Bones and Back Pain
The entire body is around 206 skeletal bones, including long bones, short, fat, and uneven bones. Inside the bones are red blood cells (RBC), bone marrow, phosphorus, calcium, and magnesium. Magnesium is a silvery-white element of metallic that starts from organic compounds and works with calcium to afford support and strength to the muscles, which the bones connect with to defend the internal organs and movement. Calcium is like magnesium, yet it is produced from alkaline metals from the earth.
The body’s skeletal muscles give us the support we need to move, stand, walk, sit, and support posture. Muscles contract, shorten, and expand. The muscles attach to bones, as well as tendons. Once the muscles begin to contract, it stimulates the muscle fiber, which feeds off the motor neurons. The nerves are made up of extensions of nerve cells, which are thread-like and transmit impulses outwardly from the body of cells. (Axon)
The cell bodies are branched extensions of nerve cells (Neurons), which receive electrical signals from other nerves that conduct signals back to the body of cells. This action emerges from dendrites. Dendrites transmit nerve impulses to the central area of the body that can cause significant problems when interrupted. We call this extensive, central system the
Central Nerve System. (CNS) Dendrites are also called the tree sometimes since it stores minerals that crystallize the system and form a tree’s shape. The CNS is a network of neurons or nerve cells that include muscle fibers. The fibers and nerve cells chain together and consist of cell bodies, dendrites, axons, etc. Messages are conveyed through these neurons. Sensations are transmitted to the brain, thus carrying motor impulses that reach the vital organs and muscles.
We use our muscles and the components combined with moving. The skeletal muscles are transmitters also since these muscles send energy that creates muscle contractions and forms ATP. The muscles also form adenosine Triphosphate, ADP (Adenosine Diphosphate Phosphate), and hydrolysis. Hydrolysis is reactions that occur with fluids. Thus, chemical reactions emerge with compound reactions and cause decomposition. In addition, it reacts by producing two or more additional compounds, which may include a combo of glucose and minerals, etc.
Adenosine Triphosphate is a component of our RNA. The compounds of adenine and organic ribose sugar make up nucleic acid and energy components, which are carried via molecules. Ribose has five-carbon sugars, which are discovered in living cells. Its constituents, RNA, plays a vital part in the metabolic structure since compounds including nucleic acids, riboflavin, and ribonucleotides exist. Riboflavin is necessary for growth and energy. The pigments are made up of orange-yellow crystals, which derive from the Vitamin B complex. Riboflavin is vital to enzymes also. Riboflavin is sometimes known as Vitamin G and lactoflavin as well.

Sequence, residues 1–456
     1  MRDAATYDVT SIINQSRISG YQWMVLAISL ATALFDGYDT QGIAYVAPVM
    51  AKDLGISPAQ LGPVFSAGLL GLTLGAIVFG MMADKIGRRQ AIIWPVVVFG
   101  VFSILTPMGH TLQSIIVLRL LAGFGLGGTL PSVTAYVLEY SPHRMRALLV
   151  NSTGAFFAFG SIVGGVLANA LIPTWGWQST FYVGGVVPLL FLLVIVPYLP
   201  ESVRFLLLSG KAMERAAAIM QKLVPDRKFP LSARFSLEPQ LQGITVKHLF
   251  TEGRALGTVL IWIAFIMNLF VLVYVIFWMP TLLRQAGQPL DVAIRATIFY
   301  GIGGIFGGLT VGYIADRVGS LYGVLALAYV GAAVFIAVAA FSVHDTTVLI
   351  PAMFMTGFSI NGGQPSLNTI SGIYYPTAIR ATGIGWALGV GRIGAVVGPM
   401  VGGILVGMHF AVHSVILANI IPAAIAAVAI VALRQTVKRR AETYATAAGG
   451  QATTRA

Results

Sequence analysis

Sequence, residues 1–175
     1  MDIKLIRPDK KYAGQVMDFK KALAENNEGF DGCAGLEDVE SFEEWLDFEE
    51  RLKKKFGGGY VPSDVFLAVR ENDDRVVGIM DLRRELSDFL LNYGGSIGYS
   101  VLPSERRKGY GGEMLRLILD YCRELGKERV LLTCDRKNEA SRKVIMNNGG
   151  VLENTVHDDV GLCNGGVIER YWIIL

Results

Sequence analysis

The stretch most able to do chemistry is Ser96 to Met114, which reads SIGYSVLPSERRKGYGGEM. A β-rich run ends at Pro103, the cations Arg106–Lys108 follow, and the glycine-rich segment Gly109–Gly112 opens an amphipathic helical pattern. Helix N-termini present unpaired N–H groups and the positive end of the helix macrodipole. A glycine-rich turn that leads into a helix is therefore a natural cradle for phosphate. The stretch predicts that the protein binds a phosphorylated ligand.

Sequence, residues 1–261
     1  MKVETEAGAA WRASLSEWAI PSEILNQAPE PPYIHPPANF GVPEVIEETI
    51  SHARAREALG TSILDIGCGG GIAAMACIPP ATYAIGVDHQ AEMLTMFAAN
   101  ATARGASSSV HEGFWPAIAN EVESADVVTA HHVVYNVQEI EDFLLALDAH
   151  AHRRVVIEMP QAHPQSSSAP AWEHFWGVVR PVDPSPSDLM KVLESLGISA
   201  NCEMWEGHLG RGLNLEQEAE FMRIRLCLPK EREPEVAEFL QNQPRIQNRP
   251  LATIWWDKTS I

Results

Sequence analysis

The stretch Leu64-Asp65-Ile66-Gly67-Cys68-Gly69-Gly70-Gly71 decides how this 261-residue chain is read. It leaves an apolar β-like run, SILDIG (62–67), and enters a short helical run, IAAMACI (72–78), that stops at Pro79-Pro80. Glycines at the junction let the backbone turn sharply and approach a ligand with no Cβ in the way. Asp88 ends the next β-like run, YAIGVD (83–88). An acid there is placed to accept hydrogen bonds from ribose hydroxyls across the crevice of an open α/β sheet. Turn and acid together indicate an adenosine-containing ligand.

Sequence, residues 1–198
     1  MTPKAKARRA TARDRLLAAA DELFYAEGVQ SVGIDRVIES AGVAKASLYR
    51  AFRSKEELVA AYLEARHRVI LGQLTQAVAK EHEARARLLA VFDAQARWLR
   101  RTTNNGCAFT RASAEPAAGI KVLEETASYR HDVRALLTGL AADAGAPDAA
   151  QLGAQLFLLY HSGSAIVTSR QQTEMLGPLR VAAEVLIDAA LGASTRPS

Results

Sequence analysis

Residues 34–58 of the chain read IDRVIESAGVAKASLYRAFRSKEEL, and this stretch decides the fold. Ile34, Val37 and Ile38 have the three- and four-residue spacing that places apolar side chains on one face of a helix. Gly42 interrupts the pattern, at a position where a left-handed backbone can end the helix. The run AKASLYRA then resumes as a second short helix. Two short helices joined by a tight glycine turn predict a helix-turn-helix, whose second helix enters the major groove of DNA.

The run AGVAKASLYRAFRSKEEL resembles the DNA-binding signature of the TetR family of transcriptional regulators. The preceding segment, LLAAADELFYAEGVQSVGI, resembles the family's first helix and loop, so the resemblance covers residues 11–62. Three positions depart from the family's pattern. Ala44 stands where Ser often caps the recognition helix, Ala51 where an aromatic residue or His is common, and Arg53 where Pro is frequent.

We achieve tone from our muscles since they act as retainers. The action causes the muscles to hold back a degree of contractions, which breaks down the transmission of nerve impulses or white crystalline compounds that release from the ends of neuron fiber (Acetylcholine) using enzymes known as cholinesterase.
The brain, blood, and heart enzymes decompose acetylcholine, breaking it down into acetic (Vinegary) acids and choline, which suppresses its stimuli and affects the nerves. The action is sometimes known as acetylcholinesterase. Enzymes are complex proteins. The elements produce from the living cells promote specific biochemical reactions. Enzymes act as catalysts.
Each element outlined makes up the parts of the body that can lead to back pain when affected. For instance, if the muscle tone fails to hold back contractions and breaks down nerve impulse transmission at a given time, the muscles are overexerted, which causes back pain.